With hip-hop’s 50th anniversary soon approaching and the ongoing social media debate on whether or not Latines — including Black Latines — played an important part in the genre’s creation, Amazon Music recently released “Hip-Hop X Siempre,” a documentary celebrating the Latines who were a foundational part of hip-hop. Produced by veteran director-producer duo Jessy and Ulysses Terrero, the doc features interviews with legendary artists like Fat Joe, N.O.R.E., and Residente, along with rising artists like Villano Antillano, Eladio Carrión, Myke Towers, Alemán, and Snow Tha Product. It’s a definitive history of how Latines have contributed to the genre’s music and culture in the last 50 years.
“Hip-hop is a natural resource in the United States,” Fat Joe says in the first few seconds of the documentary. The legendary rapper is referring to how equitable and valuable hip-hop has become since its conception.
“It’s almost a controversial statement because people say that the United States was built off other people’s minerals, enrichments, and oils. We have a million theories as to why the United States is what it is,” Fat Joe tells POPSUGAR. “They go abroad, and they bring back the natural resources. But hip-hop is a natural resource made from within the United States from the poorest of people.”
The genre hasn’t just fueled the United States’s economy — it’s gone global. Almost every country in the world today has its own hip-hop scene. From Spanish-language rap coming from various countries in Latin America — what we know today as reggaeton or Latin trap — to French or Japanese rap, hip-hop exists virtually everywhere. But historically, it was pioneered in the Bronx by Black and Latine communities.
“This all started from poor and oppressed people in the South Bronx.”
“This all started from poor and oppressed people in the South Bronx,” Fat Joe explains. “The irony is that the South Bronx is still the poorest congressional district in the country, and [hip-hop] has [become] such a rich, valuable art form — it’s crazy.”
Ulysses Terrero’s vision for the 30-minute doc was to tell the story of how Latines played a role in it all — from the MCs to the B-boys to the DJs to the graffiti artists.
“I think our position in the market in terms of where Latinos stand in power, we have in the Spanish language some of the biggest artists in the world — in the US and [around] the globe. And people still deny our power,” Terrero tells POPSUGAR. “And when hip-hop had reached the level of success that it was, there was content that mirrored the culture. But for Latinos, we don’t have content that mirrors our experience in the United States. We don’t. You can’t name a show. You can’t name anything right now that you can turn on and it feels like the culture you know. That feels like us. That feels like urban Latinos that live in two worlds and that got one foot in Spanish and one in English.”
This was why Terrero wanted to make the documentary, to show the part of hip-hop history that’s not often told or portrayed in films. Terrero, who is Dominican and grew up in the South Bronx himself, wanted to capture how a musical genre that was born when the Bronx was literally burning ended up providing joy and expression to both Black and Latine people in those neighborhoods.
The documentary also shuts down an age-old debate that denies that Latines were there from hip-hop’s very beginnings. Last year, Fat Joe received internet backlash for a statement he made claiming that hip-hop was created “half and half” by Blacks and Latines.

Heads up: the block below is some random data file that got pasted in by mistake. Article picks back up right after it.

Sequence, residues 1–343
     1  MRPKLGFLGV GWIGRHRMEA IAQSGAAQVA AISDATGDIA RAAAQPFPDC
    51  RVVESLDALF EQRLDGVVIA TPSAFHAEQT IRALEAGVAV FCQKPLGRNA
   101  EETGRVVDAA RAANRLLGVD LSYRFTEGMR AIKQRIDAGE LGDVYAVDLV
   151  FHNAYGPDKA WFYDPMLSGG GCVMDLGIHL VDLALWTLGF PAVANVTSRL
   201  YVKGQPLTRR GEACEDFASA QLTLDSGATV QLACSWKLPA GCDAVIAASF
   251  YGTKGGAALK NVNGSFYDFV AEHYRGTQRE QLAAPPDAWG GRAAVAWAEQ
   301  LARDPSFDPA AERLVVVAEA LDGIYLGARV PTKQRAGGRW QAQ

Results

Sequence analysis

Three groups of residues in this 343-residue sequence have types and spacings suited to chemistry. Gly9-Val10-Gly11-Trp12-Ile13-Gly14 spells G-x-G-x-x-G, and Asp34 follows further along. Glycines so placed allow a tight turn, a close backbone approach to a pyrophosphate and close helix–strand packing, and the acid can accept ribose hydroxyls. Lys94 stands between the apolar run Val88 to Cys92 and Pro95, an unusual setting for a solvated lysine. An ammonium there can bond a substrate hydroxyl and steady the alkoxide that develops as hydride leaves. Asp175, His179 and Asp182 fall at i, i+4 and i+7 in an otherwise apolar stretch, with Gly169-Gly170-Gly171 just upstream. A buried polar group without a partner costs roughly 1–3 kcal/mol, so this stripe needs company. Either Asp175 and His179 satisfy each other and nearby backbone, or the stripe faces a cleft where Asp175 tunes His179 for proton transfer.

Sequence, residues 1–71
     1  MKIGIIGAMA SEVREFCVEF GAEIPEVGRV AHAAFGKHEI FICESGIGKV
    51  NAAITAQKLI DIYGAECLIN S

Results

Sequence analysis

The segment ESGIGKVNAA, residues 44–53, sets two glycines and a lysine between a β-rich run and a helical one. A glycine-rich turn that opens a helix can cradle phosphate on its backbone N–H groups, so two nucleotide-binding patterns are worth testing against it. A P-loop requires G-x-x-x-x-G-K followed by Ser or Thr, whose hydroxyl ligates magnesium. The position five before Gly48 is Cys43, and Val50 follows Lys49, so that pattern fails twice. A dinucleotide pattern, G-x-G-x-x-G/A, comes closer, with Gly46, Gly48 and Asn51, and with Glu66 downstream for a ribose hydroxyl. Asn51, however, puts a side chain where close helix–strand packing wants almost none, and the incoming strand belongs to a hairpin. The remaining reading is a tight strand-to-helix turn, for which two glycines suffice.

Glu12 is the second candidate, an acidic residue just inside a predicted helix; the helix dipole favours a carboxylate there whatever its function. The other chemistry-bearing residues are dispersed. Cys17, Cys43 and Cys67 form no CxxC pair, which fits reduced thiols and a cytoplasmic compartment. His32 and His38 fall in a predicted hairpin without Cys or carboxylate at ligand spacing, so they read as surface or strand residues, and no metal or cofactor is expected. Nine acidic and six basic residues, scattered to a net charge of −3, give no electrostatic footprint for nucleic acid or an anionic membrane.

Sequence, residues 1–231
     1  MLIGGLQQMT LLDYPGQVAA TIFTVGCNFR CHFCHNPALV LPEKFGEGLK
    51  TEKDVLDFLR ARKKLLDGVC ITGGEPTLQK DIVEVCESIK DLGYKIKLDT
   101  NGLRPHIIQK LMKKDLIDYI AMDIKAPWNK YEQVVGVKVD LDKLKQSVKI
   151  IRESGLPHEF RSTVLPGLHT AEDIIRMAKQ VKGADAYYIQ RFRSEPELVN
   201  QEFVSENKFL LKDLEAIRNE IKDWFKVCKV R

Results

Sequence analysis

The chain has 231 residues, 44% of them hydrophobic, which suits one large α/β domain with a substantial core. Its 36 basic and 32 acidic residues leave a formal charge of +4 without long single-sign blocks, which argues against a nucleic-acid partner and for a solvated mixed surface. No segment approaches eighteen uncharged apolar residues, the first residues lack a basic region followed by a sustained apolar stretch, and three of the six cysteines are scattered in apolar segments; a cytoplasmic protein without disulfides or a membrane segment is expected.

“My response wasn’t to be disruptive or controversial,” Fat Joe tells POPSUGAR. “My response was just the truth. Me being 52 years old, hip-hop turning 50 this year, and me growing up in the Bronx, just imagine this whole hip-hop culture started in one place and right outside my house. I was there, you know what I mean? I saw all the Latinos break-dancing and doing graffiti . . . growing up in the South Bronx, it was all Blacks and Latinos . . . it was all of us together like gumbo, like a soup, like a sancocho.”
“Growing up in the South Bronx, it was all Blacks and Latinos . . . it was all of us together like gumbo, like a soup, like a sancocho.”
Not only does the film focus on how Latines contributed to the culture’s origins, but it also explores how it’s been reinvented with today’s Spanish-language MCs and reggaetoneros.
“I think that hip-hop is the mother of all genres in a sense,” says Amazon Music’s Angie Romero, who served as the film’s executive producer. “Urbano speaking on urbano, right? Reggaeton is an expression of hip-hop. Trap is an expression of hip-hop. Dembow is an expression of hip-hop. Everything is an expression of hip-hop because, at the end of the day, it’s the story of the underprivileged and the oppressed searching for joy and beauty in chaos. And that’s a struggle that’s universal.”
And looking to the future, “Hip-Hop X Siempre” also beautifully captures how Latines continue to play a role in the genre’s evolution. As Terrero says, it’s not a documentary “about the birth of hip-hop.”
“What we were trying to do is show the ripple effects. Somebody 50 years ago threw a rock in the water, and it created ripples, and those ripples are why some of these guys are standing on stage,” Terrero says. “These people are able to live and make a living off of hip-hop today because somebody at that time pushed the culture forward, and those people didn’t get rich off of hip-hop. . . . What we wanted to do is give flowers to the old school and blend it with the new school so that the young kids pay attention.”
Image Source: Amazon Music